2012 Class | 1911-2005
Heltzer’s legacy at 3M spanned five decades. He came to be known as the “father of reflective material.” He joined 3M in 1933 with a metallurgical engineering degree from the University of Minnesota. He quickly gravitated to the firm’s mineral laboratory, where his interest in the field of optics and retro-reflectivity led him to join a fledgling team of 3M researchers working with glass bead optical elements to improve the visual characteristics and durability of traffic devices. The group’s pioneering work—first in pavement marking applications and later in reflective sign sheeting—led to the first fully reflective traffic sign being erected at a Minneapolis intersection in 1939.
He later oversaw production of what became known as “Scotchlite Reflective Sheeting,” and then served as vice president and general manager of the Reflective Products Division. In 1970, he was named chairman and CEO, and was credited with expanding 3M’s global reach and international growth.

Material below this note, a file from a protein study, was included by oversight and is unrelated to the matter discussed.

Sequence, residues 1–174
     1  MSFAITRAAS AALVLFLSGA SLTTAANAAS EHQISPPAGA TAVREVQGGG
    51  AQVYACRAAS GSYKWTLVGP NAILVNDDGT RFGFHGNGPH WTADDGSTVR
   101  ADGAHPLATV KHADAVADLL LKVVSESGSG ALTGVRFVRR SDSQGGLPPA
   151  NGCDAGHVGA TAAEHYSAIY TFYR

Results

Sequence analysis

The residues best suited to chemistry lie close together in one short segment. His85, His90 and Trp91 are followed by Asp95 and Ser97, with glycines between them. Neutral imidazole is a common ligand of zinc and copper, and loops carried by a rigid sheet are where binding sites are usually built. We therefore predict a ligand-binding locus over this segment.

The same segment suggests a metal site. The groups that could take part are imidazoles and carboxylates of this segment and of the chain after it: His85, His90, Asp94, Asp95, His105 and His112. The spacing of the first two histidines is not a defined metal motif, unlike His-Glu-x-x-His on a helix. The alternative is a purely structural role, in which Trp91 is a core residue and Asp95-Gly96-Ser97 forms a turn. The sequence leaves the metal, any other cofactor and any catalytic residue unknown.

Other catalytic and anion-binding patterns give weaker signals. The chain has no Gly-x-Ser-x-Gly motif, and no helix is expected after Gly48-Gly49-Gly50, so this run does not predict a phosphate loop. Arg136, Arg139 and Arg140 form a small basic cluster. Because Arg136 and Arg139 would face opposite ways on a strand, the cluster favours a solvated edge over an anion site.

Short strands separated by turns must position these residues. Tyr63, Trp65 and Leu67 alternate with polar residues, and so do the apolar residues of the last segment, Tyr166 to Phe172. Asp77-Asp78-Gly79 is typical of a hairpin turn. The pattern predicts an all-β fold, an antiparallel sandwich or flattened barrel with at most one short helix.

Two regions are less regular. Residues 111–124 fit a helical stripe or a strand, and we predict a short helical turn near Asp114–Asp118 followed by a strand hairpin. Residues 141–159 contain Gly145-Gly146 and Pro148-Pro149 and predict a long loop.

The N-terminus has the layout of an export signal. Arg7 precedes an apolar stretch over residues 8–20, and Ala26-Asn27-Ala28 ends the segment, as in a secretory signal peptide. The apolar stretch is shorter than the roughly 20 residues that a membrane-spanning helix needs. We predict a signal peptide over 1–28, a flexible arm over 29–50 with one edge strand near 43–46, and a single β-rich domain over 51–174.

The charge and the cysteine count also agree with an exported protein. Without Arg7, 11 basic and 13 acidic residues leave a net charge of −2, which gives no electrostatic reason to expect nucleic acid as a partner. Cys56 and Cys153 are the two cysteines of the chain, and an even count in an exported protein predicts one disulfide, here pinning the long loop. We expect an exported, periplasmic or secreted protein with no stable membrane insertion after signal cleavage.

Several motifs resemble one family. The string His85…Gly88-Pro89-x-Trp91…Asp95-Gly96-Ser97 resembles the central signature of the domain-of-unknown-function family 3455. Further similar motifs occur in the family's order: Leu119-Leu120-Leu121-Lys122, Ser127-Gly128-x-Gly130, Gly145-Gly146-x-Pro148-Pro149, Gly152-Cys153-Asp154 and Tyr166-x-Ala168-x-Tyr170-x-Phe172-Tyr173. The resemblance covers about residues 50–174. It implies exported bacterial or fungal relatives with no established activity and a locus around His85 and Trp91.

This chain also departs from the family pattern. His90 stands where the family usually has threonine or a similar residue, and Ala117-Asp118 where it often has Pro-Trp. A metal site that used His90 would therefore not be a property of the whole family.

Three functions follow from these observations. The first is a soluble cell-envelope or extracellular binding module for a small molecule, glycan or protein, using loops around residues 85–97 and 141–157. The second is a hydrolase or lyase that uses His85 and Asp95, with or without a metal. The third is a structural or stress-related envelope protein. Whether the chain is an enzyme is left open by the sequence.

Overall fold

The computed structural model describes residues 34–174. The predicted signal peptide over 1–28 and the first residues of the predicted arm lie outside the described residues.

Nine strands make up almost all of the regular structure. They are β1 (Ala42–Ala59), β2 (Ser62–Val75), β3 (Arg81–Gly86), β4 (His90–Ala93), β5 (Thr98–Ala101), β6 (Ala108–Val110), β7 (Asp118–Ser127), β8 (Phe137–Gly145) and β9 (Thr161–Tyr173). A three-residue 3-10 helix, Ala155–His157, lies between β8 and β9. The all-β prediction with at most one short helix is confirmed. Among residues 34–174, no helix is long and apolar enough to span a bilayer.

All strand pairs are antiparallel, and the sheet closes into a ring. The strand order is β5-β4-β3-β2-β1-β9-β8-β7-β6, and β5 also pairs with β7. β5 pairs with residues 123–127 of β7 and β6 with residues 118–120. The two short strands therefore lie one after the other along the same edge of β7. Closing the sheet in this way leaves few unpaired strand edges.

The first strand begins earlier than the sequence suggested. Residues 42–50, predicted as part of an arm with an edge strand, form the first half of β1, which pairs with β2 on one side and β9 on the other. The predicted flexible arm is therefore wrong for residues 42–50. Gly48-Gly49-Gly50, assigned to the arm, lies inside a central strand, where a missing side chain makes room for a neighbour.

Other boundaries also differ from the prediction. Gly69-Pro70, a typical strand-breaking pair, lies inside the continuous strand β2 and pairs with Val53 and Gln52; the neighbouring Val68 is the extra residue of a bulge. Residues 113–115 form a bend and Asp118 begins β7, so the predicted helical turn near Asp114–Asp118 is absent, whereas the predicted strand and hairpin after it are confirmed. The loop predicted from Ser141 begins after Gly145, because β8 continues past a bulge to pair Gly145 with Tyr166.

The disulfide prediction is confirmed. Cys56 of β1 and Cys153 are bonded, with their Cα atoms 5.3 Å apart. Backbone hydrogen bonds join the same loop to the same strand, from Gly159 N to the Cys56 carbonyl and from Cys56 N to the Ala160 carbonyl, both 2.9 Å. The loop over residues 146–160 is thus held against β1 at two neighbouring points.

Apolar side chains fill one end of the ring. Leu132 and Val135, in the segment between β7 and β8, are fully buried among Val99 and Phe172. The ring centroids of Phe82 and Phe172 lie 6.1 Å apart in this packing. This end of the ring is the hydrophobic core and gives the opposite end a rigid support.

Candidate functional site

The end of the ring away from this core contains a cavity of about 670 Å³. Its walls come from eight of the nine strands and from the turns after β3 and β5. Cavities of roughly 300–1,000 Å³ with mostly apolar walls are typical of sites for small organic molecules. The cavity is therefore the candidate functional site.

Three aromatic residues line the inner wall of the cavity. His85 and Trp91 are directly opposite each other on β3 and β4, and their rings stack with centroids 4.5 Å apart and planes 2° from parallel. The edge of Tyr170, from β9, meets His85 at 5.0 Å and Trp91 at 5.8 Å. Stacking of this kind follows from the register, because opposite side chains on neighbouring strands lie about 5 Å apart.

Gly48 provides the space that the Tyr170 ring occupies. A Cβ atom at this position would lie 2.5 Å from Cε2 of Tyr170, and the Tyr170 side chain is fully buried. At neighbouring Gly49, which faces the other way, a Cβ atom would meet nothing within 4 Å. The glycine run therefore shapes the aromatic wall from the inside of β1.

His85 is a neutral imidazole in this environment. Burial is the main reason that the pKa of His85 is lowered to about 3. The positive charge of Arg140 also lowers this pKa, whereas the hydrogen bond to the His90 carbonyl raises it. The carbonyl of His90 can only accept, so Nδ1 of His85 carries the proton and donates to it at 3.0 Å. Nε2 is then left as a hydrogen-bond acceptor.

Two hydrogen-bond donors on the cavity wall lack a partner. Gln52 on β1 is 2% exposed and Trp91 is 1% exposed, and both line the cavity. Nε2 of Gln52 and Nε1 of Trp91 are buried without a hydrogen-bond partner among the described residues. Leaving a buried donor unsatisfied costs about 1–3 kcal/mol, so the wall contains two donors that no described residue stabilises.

Heltzer was appointed by President Lyndon Johnson to the “President’s National Highway Safety Advisory Committee.” He held leadership positions at the Highway Users Federation, International Road Federation, National Safety Council, Automotive Safety Foundation, International Chamber of Commerce, and U.S.-USSR Trade & Economic Council.
He passed away in 2005 at age 94.